"The Fog: A Never Before Published Theory of the Bermuda Triangle Phenomenon," by Rob MacGregor and Bruce Gernon include reports of an "electronic fog" that both men experienced while flying in the Bermuda Triangle. On December 4, 1970, Gernon and his father were flying to Bimini in clear skies when they saw a strange cloud with almost perfectly round edges hovering over the Miami shore. As they flew over it, the cloud began spreading out, matching or exceeding their speed. At 11,500 feet, they thought that they had escaped the "cloud," only to discover that it had formed a tunnel. It appeared the only way they could escape the cloud was to go through the tunnel. Once inside, they saw lines on the walls that spun in a counterclockwise direction. Gernon's navigational instruments went haywire and the compass spun counterclockwise.
Gernon reported that he "realized that something very bizarre had happened. Instead of the clear blue sky that we expected at the end of the tunnel, everything appeared a dull, grayish white. Visibility appeared to be about two miles, but there was absolutely nothing to see - no ocean, no horizon, no sky, only a gray haze."
When Gernon contacted Miami Air Traffic Control to get radar identification, the controller said that there were no planes on radar between Miami, Bimini and Andros. After several minutes, Gernon heard the air traffic controller report that a plane had been spotted directly over Miami. Gernon didn't think he could possibly be over Miami Beach, because it usually took 75 minutes to get to Miami and only 47 minutes had passed. At this same time, the cloud tunnel began to peel away in what he described as ribbons of fog. The instruments began operating normally and Miami Beach was directly below them. This loss of time, confirmed by their watches and the plane's clock, made Gernon believe that the electronic fog had time travel qualities.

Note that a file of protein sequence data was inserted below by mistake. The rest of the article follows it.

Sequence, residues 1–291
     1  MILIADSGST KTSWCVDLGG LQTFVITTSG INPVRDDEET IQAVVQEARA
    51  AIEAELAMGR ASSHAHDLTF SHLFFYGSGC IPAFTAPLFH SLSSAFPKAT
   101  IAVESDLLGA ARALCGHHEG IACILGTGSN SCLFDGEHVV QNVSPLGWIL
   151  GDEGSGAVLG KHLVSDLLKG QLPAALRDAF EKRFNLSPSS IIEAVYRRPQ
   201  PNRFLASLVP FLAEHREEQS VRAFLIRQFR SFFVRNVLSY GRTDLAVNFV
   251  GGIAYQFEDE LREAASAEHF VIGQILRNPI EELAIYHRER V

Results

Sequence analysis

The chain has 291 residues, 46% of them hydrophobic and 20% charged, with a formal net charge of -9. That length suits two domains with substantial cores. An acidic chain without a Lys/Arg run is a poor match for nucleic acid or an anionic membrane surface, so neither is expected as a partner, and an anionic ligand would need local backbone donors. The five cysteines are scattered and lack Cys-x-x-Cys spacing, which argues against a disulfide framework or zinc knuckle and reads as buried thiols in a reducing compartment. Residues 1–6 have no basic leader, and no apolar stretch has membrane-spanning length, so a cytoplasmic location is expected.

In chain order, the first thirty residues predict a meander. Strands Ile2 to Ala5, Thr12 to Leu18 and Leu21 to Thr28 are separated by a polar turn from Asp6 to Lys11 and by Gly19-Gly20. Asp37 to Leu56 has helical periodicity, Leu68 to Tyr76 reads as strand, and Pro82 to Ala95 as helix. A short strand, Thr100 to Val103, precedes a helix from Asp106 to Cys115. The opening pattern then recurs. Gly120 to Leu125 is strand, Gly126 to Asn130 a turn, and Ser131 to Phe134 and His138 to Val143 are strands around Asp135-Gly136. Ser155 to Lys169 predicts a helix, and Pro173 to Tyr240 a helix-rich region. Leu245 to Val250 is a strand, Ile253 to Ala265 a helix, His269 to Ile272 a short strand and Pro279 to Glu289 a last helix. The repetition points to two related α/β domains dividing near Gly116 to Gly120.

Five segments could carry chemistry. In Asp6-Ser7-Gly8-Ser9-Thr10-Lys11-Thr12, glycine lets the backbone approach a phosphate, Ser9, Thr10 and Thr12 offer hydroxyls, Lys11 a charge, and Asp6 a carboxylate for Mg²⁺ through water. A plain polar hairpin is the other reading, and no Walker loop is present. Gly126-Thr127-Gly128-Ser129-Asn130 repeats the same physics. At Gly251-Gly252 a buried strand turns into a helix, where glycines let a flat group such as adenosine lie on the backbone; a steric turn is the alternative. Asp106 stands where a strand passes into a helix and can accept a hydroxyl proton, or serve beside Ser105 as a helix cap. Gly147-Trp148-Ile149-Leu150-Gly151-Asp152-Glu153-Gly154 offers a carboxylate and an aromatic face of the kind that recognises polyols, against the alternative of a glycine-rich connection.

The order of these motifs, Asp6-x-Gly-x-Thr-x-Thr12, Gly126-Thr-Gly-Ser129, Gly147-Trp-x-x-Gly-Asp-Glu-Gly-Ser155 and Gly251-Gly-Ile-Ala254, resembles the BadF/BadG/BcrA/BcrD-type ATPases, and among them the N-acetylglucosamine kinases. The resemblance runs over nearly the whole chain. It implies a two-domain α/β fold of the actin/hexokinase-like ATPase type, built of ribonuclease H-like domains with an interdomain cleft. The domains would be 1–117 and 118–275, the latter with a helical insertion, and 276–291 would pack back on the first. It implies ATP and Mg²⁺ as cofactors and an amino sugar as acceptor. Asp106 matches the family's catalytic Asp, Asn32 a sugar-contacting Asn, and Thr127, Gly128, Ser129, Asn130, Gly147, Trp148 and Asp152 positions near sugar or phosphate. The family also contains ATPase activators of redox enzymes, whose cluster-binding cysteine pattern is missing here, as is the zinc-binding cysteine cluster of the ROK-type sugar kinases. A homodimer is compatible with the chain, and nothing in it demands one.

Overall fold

Gernon experienced the fog one more time in flight with his wife. Many other pilots have had similar experiences in the area. Gernon believes that powerful electromagnetic storms from within the Earth break through the surface and come into the atmosphere where they soon disappear, leaving electronic fog. According to Gernon, a Swedish scientist has found that magnetism is weaker in the triangle than anywhere else on Earth, which may be why the fog happens more there than anywhere else.
For more on this theory, listen to this Paranormal Podcast interview with Bruce Gernon. When Don Pelz of Indiana heard of Gernon's experience, he contacted him about his own. He had also seen the doughnut shaped clouds 10 years ago and was able to retrieve radar images of what Gernon calls a "time storm." You can view them at Pelz's Web site.